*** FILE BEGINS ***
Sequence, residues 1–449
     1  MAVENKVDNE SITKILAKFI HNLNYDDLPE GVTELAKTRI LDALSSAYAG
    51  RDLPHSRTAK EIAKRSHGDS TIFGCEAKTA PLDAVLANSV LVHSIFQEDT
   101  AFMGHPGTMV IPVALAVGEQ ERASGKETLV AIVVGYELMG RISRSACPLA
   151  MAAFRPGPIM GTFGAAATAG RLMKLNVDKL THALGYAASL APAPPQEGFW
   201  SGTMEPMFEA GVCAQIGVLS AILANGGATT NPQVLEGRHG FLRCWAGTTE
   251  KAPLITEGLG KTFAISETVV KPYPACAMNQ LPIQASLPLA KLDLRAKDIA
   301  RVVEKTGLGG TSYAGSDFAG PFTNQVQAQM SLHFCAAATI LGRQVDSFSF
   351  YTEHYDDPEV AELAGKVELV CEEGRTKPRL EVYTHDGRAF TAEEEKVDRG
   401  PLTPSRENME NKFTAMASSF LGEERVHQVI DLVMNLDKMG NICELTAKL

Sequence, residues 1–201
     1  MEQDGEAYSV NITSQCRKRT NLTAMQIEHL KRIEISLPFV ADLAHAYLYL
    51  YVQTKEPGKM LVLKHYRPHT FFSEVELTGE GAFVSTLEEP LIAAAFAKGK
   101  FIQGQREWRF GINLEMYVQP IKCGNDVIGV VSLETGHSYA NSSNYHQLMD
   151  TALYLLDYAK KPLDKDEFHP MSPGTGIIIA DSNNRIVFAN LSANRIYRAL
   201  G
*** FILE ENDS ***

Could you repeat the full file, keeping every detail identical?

Sequence, residues 1–449
     1  MAVENKVDNE SITKILAKFI HNLNYDDLPE GVTELAKTRI LDALSSAYAG
    51  RDLPHSRTAK EIAKRSHGDS TIFGCEAKTA PLDAVLANSV LVHSIFQEDT
   101  AFMGHPGTMV IPVALAVGEQ ERASGKETLV AIVVGYELMG RISRSACPLA
   151  MAAFRPGPIM GTFGAAATAG RLMKLNVDKL THALGYAASL APAPPQEGFW
   201  SGTMEPMFEA GVCAQIGVLS AILANGGATT NPQVLEGRHG FLRCWAGTTE
   251  KAPLITEGLG KTFAISETVV KPYPACAMNQ LPIQASLPLA KLDLRAKDIA
   301  RVVEKTGLGG TSYAGSDFAG PFTNQVQAQM SLHFCAAATI LGRQVDSFSF
   351  YTEHYDDPEV AELAGKVELV CEEGRTKPRL EVYTHDGRAF TAEEEKVDRG
   401  PLTPSRENME NKFTAMASSF LGEERVHQVI DLVMNLDKMG NICELTAKL

Sequence, residues 1–201
     1  MEQDGEAYSV NITSQCRKRT NLTAMQIEHL KRIEISLPFV ADLAHAYLYL
    51  YVQTKEPGKM LVLKHYRPHT FFSEVELTGE GAFVSTLEEP LIAAAFAKGK
   101  FIQGQREWRF GINLEMYVQP IKCGNDVIGV VSLETGHSYA NSSNYHQLMD
   151  TALYLLDYAK KPLDKDEFHP MSPGTGIIIA DSNNRIVFAN LSANRIYRAL
   201  G